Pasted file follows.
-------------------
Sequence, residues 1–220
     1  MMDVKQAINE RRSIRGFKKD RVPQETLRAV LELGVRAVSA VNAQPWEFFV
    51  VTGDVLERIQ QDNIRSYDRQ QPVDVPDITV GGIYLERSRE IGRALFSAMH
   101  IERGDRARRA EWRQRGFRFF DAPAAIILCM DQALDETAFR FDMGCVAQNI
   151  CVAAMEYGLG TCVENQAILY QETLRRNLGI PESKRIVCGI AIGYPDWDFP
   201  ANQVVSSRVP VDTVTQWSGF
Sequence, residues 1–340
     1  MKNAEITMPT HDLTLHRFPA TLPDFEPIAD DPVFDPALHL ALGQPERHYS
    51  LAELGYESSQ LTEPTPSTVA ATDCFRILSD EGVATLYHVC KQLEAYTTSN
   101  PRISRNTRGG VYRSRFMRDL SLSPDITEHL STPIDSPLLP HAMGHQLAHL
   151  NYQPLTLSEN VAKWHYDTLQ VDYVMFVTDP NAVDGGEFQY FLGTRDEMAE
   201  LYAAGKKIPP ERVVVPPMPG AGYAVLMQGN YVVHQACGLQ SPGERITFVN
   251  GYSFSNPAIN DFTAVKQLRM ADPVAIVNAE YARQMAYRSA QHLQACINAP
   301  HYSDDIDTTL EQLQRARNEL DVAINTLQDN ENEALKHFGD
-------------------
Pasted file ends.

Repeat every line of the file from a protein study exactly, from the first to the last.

Sequence, residues 1–220
     1  MMDVKQAINE RRSIRGFKKD RVPQETLRAV LELGVRAVSA VNAQPWEFFV
    51  VTGDVLERIQ QDNIRSYDRQ QPVDVPDITV GGIYLERSRE IGRALFSAMH
   101  IERGDRARRA EWRQRGFRFF DAPAAIILCM DQALDETAFR FDMGCVAQNI
   151  CVAAMEYGLG TCVENQAILY QETLRRNLGI PESKRIVCGI AIGYPDWDFP
   201  ANQVVSSRVP VDTVTQWSGF
Sequence, residues 1–340
     1  MKNAEITMPT HDLTLHRFPA TLPDFEPIAD DPVFDPALHL ALGQPERHYS
    51  LAELGYESSQ LTEPTPSTVA ATDCFRILSD EGVATLYHVC KQLEAYTTSN
   101  PRISRNTRGG VYRSRFMRDL SLSPDITEHL STPIDSPLLP HAMGHQLAHL
   151  NYQPLTLSEN VAKWHYDTLQ VDYVMFVTDP NAVDGGEFQY FLGTRDEMAE
   201  LYAAGKKIPP ERVVVPPMPG AGYAVLMQGN YVVHQACGLQ SPGERITFVN
   251  GYSFSNPAIN DFTAVKQLRM ADPVAIVNAE YARQMAYRSA QHLQACINAP
   301  HYSDDIDTTL EQLQRARNEL DVAINTLQDN ENEALKHFGD